Today we were supposed to be waking up in a little private cabin on the beautiful Chopin Alta lake then horse trekking up in the mountains before heading off to spend the evening in Tian Shan observatory in Ile-Alatau , Kazakhstan (another gorgeous mountain lake) but due to the mugging incident in Osh we were a day behind and had to miss out on our 2nd lake of the trip! However we refused to get down about it and were still elated from finding Jill’s passport and bag buried in the woods so decided to make the most of enjoying our bonus sunny day in Kyrgyzstan’s capital, Bishkek.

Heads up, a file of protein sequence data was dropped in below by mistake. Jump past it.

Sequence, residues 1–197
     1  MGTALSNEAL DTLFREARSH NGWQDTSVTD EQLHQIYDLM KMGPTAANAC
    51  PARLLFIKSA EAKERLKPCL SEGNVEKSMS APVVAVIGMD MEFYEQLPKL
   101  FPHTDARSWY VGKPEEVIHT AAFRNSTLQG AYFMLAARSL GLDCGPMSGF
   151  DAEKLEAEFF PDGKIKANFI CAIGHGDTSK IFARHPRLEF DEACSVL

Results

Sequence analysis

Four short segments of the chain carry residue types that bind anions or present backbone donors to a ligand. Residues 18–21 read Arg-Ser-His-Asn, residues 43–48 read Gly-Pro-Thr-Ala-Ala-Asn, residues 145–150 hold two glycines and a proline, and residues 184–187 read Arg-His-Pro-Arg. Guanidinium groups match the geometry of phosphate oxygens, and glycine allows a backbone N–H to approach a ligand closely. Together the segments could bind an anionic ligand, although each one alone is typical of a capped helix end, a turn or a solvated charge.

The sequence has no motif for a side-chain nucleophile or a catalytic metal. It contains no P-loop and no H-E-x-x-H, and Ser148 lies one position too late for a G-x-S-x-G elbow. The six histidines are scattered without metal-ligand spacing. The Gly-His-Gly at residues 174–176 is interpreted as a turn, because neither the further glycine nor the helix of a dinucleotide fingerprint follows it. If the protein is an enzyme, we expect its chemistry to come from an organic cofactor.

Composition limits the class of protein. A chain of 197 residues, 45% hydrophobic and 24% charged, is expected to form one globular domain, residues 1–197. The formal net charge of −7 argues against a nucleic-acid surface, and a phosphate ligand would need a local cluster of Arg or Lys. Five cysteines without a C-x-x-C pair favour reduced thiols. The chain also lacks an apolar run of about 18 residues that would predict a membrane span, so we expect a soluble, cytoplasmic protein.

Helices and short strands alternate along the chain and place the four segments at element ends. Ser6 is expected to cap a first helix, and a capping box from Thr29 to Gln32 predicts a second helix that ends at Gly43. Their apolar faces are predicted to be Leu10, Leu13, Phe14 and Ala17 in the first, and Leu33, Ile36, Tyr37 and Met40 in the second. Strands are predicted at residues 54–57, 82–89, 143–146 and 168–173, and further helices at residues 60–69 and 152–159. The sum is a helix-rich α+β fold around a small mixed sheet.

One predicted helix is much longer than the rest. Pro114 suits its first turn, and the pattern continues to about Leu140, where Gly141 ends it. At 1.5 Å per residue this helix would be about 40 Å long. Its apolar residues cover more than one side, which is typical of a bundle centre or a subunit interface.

We got up at quite a respectable time (for us), went for a wander around Bishkek and somehow seemed to find ourselves in some kind of bizarre hardware district, where all the shops and market stalls were only selling light fittings, scrubbing brushes, paint etc.! On the off chance we asked one of the stall owners (in our chut-chut Ruski) if he had any plastic cups, as we’d been sans cups for too long and we’d come to the conclusion that maybe this was the root of our recent misfortune. He brought out two plastic kids mugs, one with Winnie the Pooh characters and one with Disney Princesses on – perfect! We grabbed a bottle of beer at the nearest little kiosk and headed off to find Zhirgal Banya, which for once proved pretty easy as it stuck out from the rest of the environment by resembling a pair of large bosoms.  We sat on the wall drinking beer out of our shiny new cups – we figured that we needed to at least have a little bit of beer in us if we were going to get naked in front of a loads of strangers!! Despite the snow the previous night, the sun was cracking the flags today and we had a nice bit sit, watching the world go by and Susan made friends with a fly who was getting drunk on the rim of her cup (Pooh) and tested the macro lense on her new camera (the Olympus TG-3 tough – highly recommended and bonus still hasn’t been stolen yet like her last 2!) before we finished the beer and worked up the courage to go into the banya.